Ken: Hi everybody, Ken Krogue here with Robert Kay. I had a chance to see Robert present several different times and I was absolutely enthralled. You’ve got a unique perspective and I’m going to go ahead and ask him to tell us a bit about his background that makes him, especially when we’re studying Isaiah in the Book of Mormon, when the Nephites talked about the way of manner of the Jews, that’s where you came from, right?
Robert: That’s correct.
Ken: Tell us about it.
Robert: So, my birth father is from New York, and they come from an Ashkenazi family out of Europe that came over from Poland. My mother’s family, my mother’s mother is a Sephardic Jew from Portugal and not many people realize that in the south there are many people of Sephardic lineage settled in the south. In fact, my mother’s grandfather was one of the first people to establish a synagogue in a little town of Jasper, Alabama.
Ken: Oh, my heavens.
Robert: And so, I grew up primarily in the south. My mother’s husband was basically…
Ken: I don’t hear any southern accent.
Robert: Yes, I’ve been out west long enough to get rid of my accent? I have a little one every now and then.
Ken: It was my mission in South Carolina, that’s where I met my wife, Crystal. And I can bring out some south in the mouth if I need to.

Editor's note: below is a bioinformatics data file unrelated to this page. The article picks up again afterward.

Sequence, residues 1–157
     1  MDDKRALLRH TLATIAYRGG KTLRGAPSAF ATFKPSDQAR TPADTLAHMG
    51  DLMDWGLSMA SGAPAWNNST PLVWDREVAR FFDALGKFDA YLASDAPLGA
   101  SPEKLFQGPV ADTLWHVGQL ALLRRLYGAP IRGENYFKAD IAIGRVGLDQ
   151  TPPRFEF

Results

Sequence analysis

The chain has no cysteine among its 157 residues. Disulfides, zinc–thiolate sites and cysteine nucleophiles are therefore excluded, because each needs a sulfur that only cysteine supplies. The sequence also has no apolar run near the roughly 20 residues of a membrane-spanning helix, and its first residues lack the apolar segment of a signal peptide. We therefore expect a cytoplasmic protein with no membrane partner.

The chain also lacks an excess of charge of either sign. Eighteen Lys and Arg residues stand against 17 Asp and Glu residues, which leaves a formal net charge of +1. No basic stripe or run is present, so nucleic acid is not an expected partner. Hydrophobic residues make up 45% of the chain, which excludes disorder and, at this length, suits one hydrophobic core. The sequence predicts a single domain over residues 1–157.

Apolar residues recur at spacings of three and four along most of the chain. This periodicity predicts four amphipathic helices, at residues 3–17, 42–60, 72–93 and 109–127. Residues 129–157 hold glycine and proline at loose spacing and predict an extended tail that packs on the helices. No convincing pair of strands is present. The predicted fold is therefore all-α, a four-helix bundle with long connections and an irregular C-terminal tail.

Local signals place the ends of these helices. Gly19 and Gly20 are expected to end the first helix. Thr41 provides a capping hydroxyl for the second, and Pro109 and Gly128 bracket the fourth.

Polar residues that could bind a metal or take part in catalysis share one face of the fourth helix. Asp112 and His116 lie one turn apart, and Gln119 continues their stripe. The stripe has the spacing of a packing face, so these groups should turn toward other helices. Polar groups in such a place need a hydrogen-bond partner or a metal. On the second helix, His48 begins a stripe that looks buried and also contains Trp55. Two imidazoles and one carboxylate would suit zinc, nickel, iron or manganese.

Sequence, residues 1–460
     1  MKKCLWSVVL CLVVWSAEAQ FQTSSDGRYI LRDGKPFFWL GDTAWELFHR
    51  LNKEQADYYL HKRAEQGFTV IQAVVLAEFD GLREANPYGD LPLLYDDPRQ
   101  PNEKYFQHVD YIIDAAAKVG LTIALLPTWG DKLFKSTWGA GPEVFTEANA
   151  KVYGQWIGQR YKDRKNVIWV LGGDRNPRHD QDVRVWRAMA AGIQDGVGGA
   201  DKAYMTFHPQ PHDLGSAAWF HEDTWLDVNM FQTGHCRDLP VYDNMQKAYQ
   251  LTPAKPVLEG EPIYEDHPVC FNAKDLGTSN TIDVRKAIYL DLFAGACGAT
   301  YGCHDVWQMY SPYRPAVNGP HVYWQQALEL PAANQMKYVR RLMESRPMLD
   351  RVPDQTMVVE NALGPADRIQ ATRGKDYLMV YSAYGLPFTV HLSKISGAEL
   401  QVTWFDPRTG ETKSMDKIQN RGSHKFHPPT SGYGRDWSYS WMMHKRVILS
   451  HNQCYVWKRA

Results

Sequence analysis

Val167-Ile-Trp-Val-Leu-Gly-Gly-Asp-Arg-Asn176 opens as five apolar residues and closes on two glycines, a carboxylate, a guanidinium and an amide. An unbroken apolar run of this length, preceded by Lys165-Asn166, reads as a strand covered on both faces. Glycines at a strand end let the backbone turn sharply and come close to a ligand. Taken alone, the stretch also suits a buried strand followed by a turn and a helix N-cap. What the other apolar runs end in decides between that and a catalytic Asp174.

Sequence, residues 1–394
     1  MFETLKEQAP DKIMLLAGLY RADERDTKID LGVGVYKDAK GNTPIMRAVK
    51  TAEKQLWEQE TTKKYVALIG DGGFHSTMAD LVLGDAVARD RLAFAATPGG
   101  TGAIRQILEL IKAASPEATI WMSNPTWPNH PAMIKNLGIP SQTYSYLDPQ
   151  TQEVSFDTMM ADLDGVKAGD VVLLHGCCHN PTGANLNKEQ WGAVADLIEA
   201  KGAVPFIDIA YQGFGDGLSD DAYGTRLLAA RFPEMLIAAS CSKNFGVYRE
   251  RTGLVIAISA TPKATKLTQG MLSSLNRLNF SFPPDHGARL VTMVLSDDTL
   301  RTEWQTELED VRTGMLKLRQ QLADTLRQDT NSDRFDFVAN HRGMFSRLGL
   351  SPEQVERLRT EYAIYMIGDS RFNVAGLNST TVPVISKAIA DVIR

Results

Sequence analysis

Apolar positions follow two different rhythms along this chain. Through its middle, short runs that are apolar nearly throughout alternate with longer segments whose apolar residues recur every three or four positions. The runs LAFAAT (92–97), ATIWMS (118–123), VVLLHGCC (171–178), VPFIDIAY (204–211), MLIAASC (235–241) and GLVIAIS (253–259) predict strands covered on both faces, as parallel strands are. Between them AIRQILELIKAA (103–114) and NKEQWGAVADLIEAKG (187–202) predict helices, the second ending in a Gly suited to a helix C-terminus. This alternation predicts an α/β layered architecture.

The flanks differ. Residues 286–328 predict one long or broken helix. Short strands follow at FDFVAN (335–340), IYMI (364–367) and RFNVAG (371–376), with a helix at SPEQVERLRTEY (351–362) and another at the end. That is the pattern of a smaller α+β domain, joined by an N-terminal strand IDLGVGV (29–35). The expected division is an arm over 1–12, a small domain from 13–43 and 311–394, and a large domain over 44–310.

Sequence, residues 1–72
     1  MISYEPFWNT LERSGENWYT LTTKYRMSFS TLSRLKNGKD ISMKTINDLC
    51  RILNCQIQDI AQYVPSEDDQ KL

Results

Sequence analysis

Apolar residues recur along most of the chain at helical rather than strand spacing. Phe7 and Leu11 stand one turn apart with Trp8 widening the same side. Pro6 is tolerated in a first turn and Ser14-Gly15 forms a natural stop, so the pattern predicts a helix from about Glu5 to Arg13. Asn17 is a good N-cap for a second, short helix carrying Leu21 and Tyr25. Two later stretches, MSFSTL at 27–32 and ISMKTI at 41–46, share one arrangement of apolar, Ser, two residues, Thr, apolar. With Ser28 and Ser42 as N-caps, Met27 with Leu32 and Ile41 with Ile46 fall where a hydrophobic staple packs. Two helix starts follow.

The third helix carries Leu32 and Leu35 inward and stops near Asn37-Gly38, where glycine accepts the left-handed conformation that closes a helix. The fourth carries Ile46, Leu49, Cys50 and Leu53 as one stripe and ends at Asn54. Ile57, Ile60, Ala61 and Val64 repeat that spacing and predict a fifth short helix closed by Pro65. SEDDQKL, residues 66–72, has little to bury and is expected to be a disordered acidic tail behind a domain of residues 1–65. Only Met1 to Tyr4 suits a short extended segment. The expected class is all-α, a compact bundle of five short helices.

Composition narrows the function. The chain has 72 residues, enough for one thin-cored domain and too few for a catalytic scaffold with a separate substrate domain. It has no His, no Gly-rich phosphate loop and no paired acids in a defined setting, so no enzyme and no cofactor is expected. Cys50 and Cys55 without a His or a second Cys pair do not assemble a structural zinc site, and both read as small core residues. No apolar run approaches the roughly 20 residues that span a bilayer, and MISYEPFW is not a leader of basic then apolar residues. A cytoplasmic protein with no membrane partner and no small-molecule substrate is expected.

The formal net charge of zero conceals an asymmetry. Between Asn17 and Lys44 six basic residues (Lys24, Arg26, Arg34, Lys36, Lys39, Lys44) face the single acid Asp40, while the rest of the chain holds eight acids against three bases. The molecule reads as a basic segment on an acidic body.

Robert: Okay, okay. My mom, I moved her out here now with me. So, if I were to bring her here, she would charm you with her southern accent. But, not many people realize that many Jews, Crypto Jews as well, settled in the southeast, changed their names. My last name is Kay; however, our original name was Cohen, or actually a Polish version thereof, technically Ukrainian version thereof and it’s actually would have been the original, Kway, and it was traditional Cohen. At the same time, like my mother’s family, many people who have the Richardson Line at the South East are actually Jews who came in from Portugal and then they changed their name. So, a lot of people changed their names because of persecution.
Ken: You a member of the church?
Robert: I am a member of the church now. So, when I came into the church, it was through a family member originally. How I really came to discover that, what the church was and primarily the Book of Mormon was from the Book of Mormon itself. So, I discovered the Book of Mormon itself on a bookshelf from a missionary copy of the Book of Mormon in a library in the south. The cover was torn off and I didn’t know who this was. At the time that I found this, I was also finishing up studies in the Talmud. My father made me read all these volumes at the Talmud, at 13 and from 13 to 15. So, I’m finishing up that, I’m also learning at the same time foundations of Hebrew, which for me at the time was torture. A child is tortured but as you become an adult, you begin to appreciate the torture your parents do. But, I found out later it was a real gift.
Ken: Wonderful. So, you used that gift in all of the presentations that I’ve seen you present, It’s amazing.